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As you might have read, this March is ‘Women in Coffee Month’ at Pact. We’re celebrating the accomplishments of women farmers, highlighting the gender inequity inherent in the industry, promoting some of our favourite growers, and raising money for Hand in Hand International.

Karla is the daughter of Siria, the representative for Asomuprisma. We could tell you all about her, but we asked her a few questions so she could do it herself! Grab a cup of her El Triunfo coffee - with its delicious dark chocolate and apricot notes! - and get to know this trailblazing grower:

Tell us a bit about yourself

I grew up in the municipality of Tello, on a coffee farm that my grandmother owned. My grandmother taught my father all about coffee farming and agriculture. When my parents, Siria and Carlos, got married, they bought my grandmother’s estate.

I studied for several years at schools in Nevia, where I finished high school. After graduating from college there, I began studying environmental engineering at Coorhuila University. I spent Monday to Thursday in class, and I worked on the farm from Friday to Sunday. My father was the one who supported me to study at university, and I was committed to working hard for him.

All my life I have lived in a coffee plantation. I even learned my multiplication tables inside the coffee lot!

What do you like and dislike about coffee farming?

I like the process of working with coffee. I like to see how coffee farming can generate employment and how success can be shared with people on the farm.

I do not like that the work is very physically heavy, and that because of the sale price of coffee, in many cases, the financial investment and the effort invested in the farm is not recovered.

Did you always want to work in coffee farming?

I always wanted to work with coffee, because it is the family’s heritage. It is what we know and love to do, although there can be very hard times due to market prices not allowing us to have a good quality of life.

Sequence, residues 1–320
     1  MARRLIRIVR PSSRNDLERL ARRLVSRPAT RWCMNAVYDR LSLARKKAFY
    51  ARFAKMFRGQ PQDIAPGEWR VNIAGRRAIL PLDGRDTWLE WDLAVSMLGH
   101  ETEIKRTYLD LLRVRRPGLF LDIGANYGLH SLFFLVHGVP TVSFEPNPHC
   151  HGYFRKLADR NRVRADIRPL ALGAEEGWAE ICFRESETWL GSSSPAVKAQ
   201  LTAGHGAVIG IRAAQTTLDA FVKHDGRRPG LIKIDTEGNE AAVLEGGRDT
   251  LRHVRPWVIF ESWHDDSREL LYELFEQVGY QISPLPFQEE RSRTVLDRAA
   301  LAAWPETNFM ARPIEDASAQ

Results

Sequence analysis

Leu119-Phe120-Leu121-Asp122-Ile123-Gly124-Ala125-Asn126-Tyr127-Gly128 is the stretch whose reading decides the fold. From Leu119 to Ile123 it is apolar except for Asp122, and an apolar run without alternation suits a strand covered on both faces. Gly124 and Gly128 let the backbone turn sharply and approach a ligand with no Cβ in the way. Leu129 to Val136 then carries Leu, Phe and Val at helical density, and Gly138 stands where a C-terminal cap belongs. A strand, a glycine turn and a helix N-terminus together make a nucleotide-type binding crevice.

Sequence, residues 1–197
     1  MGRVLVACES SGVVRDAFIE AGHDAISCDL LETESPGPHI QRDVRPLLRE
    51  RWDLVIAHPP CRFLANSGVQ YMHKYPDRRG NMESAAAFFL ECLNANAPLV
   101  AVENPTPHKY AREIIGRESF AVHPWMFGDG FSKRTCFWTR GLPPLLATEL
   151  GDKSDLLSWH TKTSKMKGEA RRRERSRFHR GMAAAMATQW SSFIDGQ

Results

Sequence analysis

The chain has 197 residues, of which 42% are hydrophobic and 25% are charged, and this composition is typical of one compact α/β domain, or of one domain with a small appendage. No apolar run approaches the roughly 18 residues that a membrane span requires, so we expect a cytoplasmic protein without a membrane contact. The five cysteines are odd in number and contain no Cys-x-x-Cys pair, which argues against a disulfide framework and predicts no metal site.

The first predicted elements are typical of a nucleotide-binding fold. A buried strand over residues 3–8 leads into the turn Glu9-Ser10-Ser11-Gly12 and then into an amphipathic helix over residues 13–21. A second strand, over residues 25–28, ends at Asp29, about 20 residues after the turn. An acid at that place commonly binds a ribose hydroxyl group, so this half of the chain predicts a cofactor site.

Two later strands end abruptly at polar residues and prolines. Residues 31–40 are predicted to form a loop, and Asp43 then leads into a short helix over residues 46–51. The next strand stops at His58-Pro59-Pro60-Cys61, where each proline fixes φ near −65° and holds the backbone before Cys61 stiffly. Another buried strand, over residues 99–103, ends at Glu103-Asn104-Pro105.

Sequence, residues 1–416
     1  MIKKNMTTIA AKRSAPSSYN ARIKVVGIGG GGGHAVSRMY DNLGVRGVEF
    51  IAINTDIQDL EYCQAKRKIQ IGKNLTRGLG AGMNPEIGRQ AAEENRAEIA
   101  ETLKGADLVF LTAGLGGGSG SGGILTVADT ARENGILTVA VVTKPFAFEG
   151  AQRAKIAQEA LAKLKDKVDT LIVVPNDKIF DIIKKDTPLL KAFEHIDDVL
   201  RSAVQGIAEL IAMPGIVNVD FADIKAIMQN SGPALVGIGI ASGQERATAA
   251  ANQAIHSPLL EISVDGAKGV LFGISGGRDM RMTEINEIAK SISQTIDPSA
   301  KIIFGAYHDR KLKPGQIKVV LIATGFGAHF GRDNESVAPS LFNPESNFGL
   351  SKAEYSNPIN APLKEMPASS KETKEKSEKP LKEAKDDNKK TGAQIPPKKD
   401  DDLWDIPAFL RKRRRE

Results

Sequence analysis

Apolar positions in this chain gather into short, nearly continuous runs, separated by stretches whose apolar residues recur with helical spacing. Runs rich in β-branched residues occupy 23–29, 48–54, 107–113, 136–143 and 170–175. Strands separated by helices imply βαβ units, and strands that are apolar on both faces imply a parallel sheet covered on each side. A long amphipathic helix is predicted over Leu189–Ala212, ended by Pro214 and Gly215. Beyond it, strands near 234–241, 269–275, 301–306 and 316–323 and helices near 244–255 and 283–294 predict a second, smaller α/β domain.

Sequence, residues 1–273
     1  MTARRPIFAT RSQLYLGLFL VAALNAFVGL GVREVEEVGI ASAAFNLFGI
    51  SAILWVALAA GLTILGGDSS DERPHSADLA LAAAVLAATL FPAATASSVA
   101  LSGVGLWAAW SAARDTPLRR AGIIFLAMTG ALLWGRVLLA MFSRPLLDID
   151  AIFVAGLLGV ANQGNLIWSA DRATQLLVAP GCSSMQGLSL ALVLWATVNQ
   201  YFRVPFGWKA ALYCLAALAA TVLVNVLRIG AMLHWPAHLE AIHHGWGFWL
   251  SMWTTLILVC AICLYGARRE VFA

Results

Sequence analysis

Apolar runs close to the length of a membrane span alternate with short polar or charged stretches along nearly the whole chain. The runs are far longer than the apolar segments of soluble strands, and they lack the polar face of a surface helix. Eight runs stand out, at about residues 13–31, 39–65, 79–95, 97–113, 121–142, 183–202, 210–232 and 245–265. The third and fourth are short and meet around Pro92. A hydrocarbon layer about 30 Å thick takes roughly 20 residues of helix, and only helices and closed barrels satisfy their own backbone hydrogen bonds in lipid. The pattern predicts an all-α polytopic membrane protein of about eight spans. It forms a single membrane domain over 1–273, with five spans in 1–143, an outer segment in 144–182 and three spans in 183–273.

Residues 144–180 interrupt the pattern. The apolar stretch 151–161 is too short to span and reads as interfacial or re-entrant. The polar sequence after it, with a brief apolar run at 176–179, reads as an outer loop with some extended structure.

What are your hopes for the future?

I would like to travel a lot. Travel, meet people, and learn from the world. I also want to have business skills that allow me to improve the farm and ensure a better future for my family.

What’s the most important thing your mother Siria has taught you?

Having character, and being decisive with your thinking. If she believes something, she commands respect. And to respect others.

What are your hobbies/other interests?

Spending time with my dad is very important to me - it can be any activity, but one that I can share with my dad.

Karla and her parents

What problems do women face in the coffee industry?

The main problem is that any decisions that women make, their husbands do not respect them. There is no credibility given to women. There is still a model in which the man is the one who rules on the farm. On the farm, the effort made by women in their farm is not valued - efforts which are essential to keep track of finances, cleaning, food, etc.

Do you think things are changing?

Yes. Increasingly, there is more awareness of women and their role on the farm. There are new plans, conferences, and training sessions for women and their families. It will not be easy because years-old traditions are not easy to change, but we are improving. If we compare the way in which my mother, Siria and I work on the farm, you can see the evolution, and that our contribution to the farm is increasingly recognised.

Why is your coffee called El Triunfo?

‘The Triumph’ was a farm of a friend of my father, who had very few financial resources and worked a long time to pay for the estate. After several years of paying for the property, he managed to pay off the loan and named it El Triunfo - “Triumph”, for the satisfaction of having managed to buy it. When the man became ill, my family and I bought the farm but kept the name El Triunfo because it was an example of our neighbour’s success.